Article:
By Nancy Zimmerman RN, BSN, Chief Nursing Officer for medCPU
According to the National Academies of Sciences, Engineering, and Medicine (NASEM), most Americans will suffer at least one medical misdiagnosis in their lives, and the consequences can be devastating. Diagnostic errors contribute to approximately 10 percent of patient deaths in the U.S. and account for up to 17 percent of all hospital adverse events, but according to the NASEM, “Health IT has the potential to support the diagnostic process through clinical decision support (CDS) tools.”
Physicians have long approached diagnoses as a mixture of art and science. CDS is a means to bolster the science portion by providing a broader clinical view of the patient, including clinical details from ambulatory EMRs and the systems of labs, radiology departments, and more combined with evidence-based best practices. CDS systems operate mainly in the background of an EMR, monitoring clinical documentation as it is being entered, and issue alerts when information, often not available at the point of care, suggests a different course of action. In certain instances, these alerts can mean the difference between a timely and accurate diagnosis and a potentially dangerous diagnostic error.
Impact In The Emergency Room
While diagnostic errors can occur in any clinical setting, CDS can perhaps have the greatest impact in the Emergency Department (ED). Because the ED is a fast-paced environment in which patients often present with what appear to be similar conditions, clinicians can tend to quickly explore the most apparently obvious care path. CDS can help ensure serious conditions aren’t overlooked.
For example, an ED patient may complain of chest pain, shortness of breath and other symptoms suggesting an apparent pulmonary embolism (PE), but as physicians prepare the patient for a lung scan, the CDS system can calculate the patient’s risk of PE based on presentation details and recent lab results, as well as weighing data regarding other potential diagnoses. If the findings indicate a very low PE risk but a high risk of myocardial infarction (MI), the CDS may suggest the ordering of a non-invasive blood test to rule out PE while further investigating the possibility of a heart attack.
Improved Use Of Imaging
In addition to refocusing the diagnosis and directing physicians to order the proper tests, CDS in the PE example can prevent an unnecessary lung scan. Consider the patient presenting with dizziness, a symptom that could be suggestive of stroke or a number of other health problems. Because an MRI is an extremely expensive test compared to a CT scan, protocols may direct physicians to order a CT scan to rule out stroke as standard approach. But if the patient is actually having a stroke, the CT scan may miss it, and the more effective course would be to immediately proceed to an MRI. Some research has shown that CT may not be as effective as an MRI for diagnosing a stroke.
Clinicians are in a bind, though. They shouldn’t order MRIs instead of CT scans to rule out stroke on every patient, as that would increase the number of MRIs that proved to be medically unnecessary. However, clinicians are also under pressure to make quick, accurate diagnoses.
CDS can assist clinicians with resource realignment in both aspects by suggesting MRIs for the smaller percentage of patients whose overall clinical picture indicates a higher risk of stroke, in turn avoiding what would yield an unnecessary CT scan. By increasing the chances of correctly identifying stroke more quickly, the MRIs suggested by CDS can reduce substantial costs that could result from a delayed intervention for stroke.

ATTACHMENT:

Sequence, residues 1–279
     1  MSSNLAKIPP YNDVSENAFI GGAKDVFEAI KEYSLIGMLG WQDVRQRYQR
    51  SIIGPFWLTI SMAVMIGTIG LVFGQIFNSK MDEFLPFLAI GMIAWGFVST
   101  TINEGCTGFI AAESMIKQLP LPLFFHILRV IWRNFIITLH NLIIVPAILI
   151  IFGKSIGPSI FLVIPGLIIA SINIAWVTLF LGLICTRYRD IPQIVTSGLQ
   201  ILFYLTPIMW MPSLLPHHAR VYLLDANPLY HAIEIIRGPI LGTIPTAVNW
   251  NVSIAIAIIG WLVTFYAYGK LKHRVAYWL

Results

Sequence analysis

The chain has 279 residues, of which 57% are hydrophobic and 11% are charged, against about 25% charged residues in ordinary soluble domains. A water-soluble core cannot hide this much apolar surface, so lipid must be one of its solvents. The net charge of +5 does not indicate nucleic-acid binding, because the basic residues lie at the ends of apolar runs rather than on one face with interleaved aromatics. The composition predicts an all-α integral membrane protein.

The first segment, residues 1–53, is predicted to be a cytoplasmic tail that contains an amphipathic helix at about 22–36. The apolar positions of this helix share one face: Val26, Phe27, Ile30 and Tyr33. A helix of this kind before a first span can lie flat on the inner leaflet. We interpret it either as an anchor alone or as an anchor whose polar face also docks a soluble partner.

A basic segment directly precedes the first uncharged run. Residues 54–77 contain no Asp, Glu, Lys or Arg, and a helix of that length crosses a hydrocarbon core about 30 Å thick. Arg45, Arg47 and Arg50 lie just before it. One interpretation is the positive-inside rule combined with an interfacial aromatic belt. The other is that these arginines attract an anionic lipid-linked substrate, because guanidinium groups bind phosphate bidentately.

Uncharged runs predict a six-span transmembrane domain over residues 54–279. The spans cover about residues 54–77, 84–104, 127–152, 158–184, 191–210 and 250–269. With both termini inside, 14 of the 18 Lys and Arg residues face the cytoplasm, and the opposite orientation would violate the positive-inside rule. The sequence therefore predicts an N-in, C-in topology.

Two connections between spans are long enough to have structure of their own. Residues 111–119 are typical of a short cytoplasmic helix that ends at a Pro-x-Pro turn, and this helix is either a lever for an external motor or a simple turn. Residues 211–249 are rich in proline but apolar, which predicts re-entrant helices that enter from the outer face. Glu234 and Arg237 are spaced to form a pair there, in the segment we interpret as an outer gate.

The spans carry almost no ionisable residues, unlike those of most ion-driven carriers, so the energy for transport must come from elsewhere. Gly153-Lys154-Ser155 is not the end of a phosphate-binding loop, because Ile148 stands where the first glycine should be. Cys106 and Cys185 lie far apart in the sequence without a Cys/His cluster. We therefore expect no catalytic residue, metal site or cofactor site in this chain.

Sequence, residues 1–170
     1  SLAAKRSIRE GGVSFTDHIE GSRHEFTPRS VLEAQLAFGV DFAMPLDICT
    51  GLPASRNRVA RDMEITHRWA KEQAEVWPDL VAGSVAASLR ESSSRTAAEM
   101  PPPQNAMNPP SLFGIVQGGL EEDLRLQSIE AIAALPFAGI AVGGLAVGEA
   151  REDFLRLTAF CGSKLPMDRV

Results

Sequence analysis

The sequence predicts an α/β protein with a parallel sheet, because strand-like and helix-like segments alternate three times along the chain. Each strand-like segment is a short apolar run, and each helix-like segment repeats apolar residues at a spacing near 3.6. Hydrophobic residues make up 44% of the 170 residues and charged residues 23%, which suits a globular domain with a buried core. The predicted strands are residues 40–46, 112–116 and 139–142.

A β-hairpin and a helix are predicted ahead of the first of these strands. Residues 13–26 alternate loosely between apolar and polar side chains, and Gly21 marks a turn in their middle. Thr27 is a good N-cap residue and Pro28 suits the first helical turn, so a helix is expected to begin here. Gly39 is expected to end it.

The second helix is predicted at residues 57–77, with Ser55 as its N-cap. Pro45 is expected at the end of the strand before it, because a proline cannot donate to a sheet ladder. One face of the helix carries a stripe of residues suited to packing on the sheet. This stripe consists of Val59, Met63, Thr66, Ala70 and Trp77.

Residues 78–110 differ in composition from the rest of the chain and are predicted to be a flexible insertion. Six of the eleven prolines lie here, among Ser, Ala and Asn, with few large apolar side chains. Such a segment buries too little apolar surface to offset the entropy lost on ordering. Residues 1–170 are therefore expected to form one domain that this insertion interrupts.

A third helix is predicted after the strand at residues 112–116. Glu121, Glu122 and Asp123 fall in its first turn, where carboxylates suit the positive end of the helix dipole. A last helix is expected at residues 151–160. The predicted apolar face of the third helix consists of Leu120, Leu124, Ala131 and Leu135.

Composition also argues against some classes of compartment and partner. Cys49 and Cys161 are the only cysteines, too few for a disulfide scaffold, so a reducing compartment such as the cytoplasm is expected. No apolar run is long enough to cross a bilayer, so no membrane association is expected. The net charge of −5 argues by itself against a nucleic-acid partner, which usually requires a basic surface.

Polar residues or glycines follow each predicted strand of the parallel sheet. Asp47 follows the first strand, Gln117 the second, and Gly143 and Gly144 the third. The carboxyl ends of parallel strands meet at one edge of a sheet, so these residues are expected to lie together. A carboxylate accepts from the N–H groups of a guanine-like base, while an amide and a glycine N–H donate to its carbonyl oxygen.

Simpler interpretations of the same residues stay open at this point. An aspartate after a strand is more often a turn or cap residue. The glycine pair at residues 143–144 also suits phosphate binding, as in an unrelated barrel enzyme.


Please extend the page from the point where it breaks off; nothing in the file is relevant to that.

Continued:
Avoiding Catastrophic Misdiagnoses
CDS systems can assist with diagnoses of life-threatening developments that are not easily observable. This is especially true of the onset of sepsis after a patient has been hospitalized. As clinicians continue to administer care according to an initial, correct diagnosis such as acute appendicitis, the CDS system can continuously monitor the patient.
If the patient exhibits small signs of deterioration, such as white blood cell counts that slowly rise in lab tests and a slight trend toward hypotension and fever, CDS can alert clinicians to the possibility of sepsis development and the need for immediate intervention. CDS can similarly assist with early oncology diagnoses for which time is of the essence.
Bringing Useful Intelligence To The EMR Function
The way electronic medical records are structured today, especially in the ED, tends to focus clinicians on a specific pathway beginning with initial symptom profiles. CDS balances that with a more fully informed clinical view of the patient. It can also adjust biases that may lead to a specific line of thinking.
Clinicians tend to use “heuristics” to form provisional diagnoses, especially when evaluating common sets of symptoms, but cognitive psychology has shown these create a risk of bias pitfalls, such as an overreliance on past experience, first impression or collateral information. For example, ED physicians may be less prone to immediately diagnose MI for a slim, 40-year-old female than for an overweight, diabetic 65-year-old male, though both present with similar symptoms, and either patient may in fact be suffering a heart attack. A patient with a heroin addiction who presents with abdominal pain may be diagnosed with opiate withdrawal, while there was actually an underlying bowel perforation.
By taking into account the full clinical picture of the patient, including information not always readily available within the ED, and with no anchoring bias regarding observed conditions, the CDS can issue an appropriate alert to consider key factors that may otherwise be overlooked. The diagnosis is still the authority of the clinician, who makes the call with a combination of art and science — and with additional information on which to base a medically sound diagnosis.